- June 11 1963, Kennedy delivers a speech in response to this, for the first time naming this a "moral issue" and calling for a solution
  • Letter from the Birmingham Jail

    Arrested during his Birmingham campaign, MLKJ sent this inspiring letter to his followers, stating his belief that it is okay to break laws that are morally incorrect. “So I have tried to make it clear that it is wrong to use immoral means to attain moral ends. But now I must affirm that it is just as wrong, or even more so, to use moral means to preserve immoral ends. ” Letter from the Birmingham Jail, MLKJ
  • March On Washington

    MLKJ leads one of the largest protests in U.S. history to Washington in support of Kennedy's proposed new civil rights legislation. During this March, MLKJ gives his famous "I Have a Dream" speech. "I have a dream that my four little children will one day live in a nation where they will not be judged by the color of their skin, but by the content of their character." MLKJ CAUSE: Kennedy's "moral issue" speech, June 11 1963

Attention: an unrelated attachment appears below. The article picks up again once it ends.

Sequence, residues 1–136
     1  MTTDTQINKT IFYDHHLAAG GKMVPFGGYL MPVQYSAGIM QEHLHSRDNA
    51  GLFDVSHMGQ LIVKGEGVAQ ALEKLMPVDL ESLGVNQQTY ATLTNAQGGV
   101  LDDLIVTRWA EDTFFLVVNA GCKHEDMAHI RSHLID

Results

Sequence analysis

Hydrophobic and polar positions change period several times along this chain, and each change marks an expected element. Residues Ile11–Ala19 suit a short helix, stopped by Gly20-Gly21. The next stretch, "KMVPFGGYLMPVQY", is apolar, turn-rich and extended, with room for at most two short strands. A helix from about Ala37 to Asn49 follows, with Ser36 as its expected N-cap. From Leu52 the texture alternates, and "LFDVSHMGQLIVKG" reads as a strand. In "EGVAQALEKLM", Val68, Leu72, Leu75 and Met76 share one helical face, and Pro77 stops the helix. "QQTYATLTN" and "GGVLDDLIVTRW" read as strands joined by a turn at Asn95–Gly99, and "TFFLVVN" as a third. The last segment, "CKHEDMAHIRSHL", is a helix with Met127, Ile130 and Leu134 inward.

• Twenty-fourth Ammendment ratified

    This ammendment abolished the poll tax in federal elections and thus greatly increased oppurtunity for blacks to vote. REACTION:
    - Freedom Summer of 1964, a massive voter registration drive in Mississippi
  • Civil Rights Act of 1964

    Enacted under Lyndon B. Johnson, this act forbid discrimination in most private facilities open to the public and gave the federal government muscle to ensure the prevention of segregation and discrimination. Title VII of this act also ensured that employers did not discriminate based on race in hiring.
  • Malcom X assassinated

    Malcom X, a black muslim leader and outspoken seperatist, was shot and killed by his own compatriots when he changed his veiws in favor of peace and understanding.
  • March from Selma to Montgomery

    March from Selma to Montgomery
    As MLKJ led protestors on a peaceful march from Selma to Montgomery to promote voter registration, they were attacked by state troopers with tear gas and whips. REACTIONS: